Since 1991, California water utilities have been providing information on water served to its consumers. This report is a snapshot of the tap water quality that we provided last year. Included are details about where your water comes from, how it is tested, what is in it, and how it compares with state and federal limits. We strive to keep you informed about the quality of your water and to provide a reliable and economic supply that meets all regulatory requirements.
How Is My Drinking Water Tested?
Your drinking water is tested regularly for unsafe levels of chemicals, radioactivity and bacteria at the source and in the distribution system. We test weekly, monthly, quarterly, annually or less often depending on the substance. State and federal laws allow us to test some substances less than once per year because their levels do not change frequently. All water quality tests are conducted by specially trained technicians in state-certified laboratories.
What Are Drinking Water Standards?
Why Do I See So Much Coverage in the News About the Quality Of Tap Water?
- Microbial contaminants, including viruses and bacteria, that may come from sewage treatment plants, septic systems, agricultural livestock operations, and wildlife;
- Inorganic contaminants, such as salts and metals, that can be naturally-occurring or result from urban stormwater runoff, industrial or domestic wastewater discharges, oil and gas production, mining or farming;
- Pesticides and herbicides, which may come from a variety of sources such as agriculture, urban stormwater runoff, and residential uses;
- Organic chemical contaminants, including synthetic and volatile organic chemicals, that are byproducts of industrial processes and petroleum production, and can also come from gas stations, urban stormwater runoff, agricultural application, and septic systems;
- Radioactive contaminants, which can be naturally occurring or be the result of oil and gas production and mining activities.
www.epa.gov/OGWDW (USEPA’s web site)
Should I Take Additional Precautions?
Some people may be more vulnerable to contaminants in drinking water than the general population. Immunocompromised persons such as persons with cancer undergoing chemotherapy, persons who have undergone organ transplants, people with HIV/AIDS or other immune system disorders, some elderly, and infants can be particularly at risk from infections. These people should seek advice about drinking water from their health care providers. The USEPA/Centers for Disease Control guidelines on appropriate means to lessen the risk of infection of Cryptosporidium and other microbial contaminants are available from the USEPA’s Safe Drinking Water Hotline (1-800-426-4791).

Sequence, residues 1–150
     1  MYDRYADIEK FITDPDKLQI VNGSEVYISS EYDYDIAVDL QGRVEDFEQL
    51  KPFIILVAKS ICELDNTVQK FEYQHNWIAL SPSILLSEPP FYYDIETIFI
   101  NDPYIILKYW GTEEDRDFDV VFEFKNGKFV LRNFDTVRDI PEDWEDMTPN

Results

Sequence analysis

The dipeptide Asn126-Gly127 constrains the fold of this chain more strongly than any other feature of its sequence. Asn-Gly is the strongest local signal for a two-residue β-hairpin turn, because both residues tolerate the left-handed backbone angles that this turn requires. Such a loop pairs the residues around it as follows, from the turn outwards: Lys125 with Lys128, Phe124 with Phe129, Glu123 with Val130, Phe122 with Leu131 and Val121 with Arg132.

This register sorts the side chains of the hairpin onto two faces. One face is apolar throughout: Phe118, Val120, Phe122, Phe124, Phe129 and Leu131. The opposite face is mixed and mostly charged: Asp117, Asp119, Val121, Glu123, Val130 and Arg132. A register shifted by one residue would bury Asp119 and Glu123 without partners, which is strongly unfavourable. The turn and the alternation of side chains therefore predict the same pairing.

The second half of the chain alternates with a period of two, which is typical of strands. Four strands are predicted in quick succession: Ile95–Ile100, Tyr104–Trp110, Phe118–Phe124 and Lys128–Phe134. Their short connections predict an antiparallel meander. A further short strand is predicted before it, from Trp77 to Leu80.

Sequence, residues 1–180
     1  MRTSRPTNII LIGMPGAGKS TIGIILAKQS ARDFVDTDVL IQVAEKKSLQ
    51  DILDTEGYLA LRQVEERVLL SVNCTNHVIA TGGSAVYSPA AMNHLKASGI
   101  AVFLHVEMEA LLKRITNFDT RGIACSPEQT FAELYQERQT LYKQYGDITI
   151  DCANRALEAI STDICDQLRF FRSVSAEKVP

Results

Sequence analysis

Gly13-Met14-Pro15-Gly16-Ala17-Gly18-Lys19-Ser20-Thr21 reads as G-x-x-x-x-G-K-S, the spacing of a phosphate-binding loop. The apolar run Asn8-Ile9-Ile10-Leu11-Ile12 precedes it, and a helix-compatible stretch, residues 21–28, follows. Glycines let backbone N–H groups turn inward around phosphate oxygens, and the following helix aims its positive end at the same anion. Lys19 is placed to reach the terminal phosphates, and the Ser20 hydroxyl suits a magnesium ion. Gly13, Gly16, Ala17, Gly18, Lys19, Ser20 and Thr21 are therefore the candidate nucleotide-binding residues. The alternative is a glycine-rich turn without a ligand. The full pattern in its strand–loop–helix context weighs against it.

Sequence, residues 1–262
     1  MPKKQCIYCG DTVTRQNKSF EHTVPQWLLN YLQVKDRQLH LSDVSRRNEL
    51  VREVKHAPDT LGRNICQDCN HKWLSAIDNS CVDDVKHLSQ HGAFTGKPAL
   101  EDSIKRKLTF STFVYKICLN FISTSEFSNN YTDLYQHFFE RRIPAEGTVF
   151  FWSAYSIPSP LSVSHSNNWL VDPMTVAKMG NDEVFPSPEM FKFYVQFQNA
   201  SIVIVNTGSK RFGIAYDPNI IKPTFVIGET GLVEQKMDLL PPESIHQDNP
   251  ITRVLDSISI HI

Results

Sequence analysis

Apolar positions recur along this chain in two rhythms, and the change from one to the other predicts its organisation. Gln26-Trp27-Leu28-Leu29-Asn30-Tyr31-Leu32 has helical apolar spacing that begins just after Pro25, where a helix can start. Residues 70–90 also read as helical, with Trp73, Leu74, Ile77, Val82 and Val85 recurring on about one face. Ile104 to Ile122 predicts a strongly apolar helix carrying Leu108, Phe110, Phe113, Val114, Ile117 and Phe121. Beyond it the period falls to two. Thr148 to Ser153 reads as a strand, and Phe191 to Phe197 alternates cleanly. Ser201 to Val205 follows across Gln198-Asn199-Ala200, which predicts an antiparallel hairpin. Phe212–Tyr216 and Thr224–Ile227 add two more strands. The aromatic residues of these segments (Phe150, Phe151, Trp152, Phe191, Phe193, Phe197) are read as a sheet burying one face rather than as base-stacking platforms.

Source Water Assessment
MWD completed an assessment of its Colorado River and State Water Project supplies in 2002. Colorado River supplies are considered most vulnerable to recreation, urban/storm water runoff, increasing urbanization in the watershed, and wastewater. State Water Project supplies are considered most vulnerable to urban/storm water runoff, wildlife, agriculture, recreation and wastewater. A copy of the assessment can be obtained by contacting MWD at (213) 217-6850.
How Can I Participate in Decisions On Water Issues That Affect Me?
The public is welcome to attend regular scheduled Board meetings. The times and dates of the meeting are posted on our website and in front of the office. The meetings are held at the District’s office located at 13819 E. Telegraph Road, Whittier, CA 90604.
How Do I Contact My Water Agency If I Have Any Questions About Water Quality?
- Fix leaky faucets in your home – save up to 20 gallons every day for every leak stopped
- Don’t use your toilet as an ashtray or wastebasket – save 400 to 600 gallons per month with fewer flushes
- Adjust your sprinklers so that water lands on your lawn/garden, not the sidewalk/driveway – save 500 gallons per month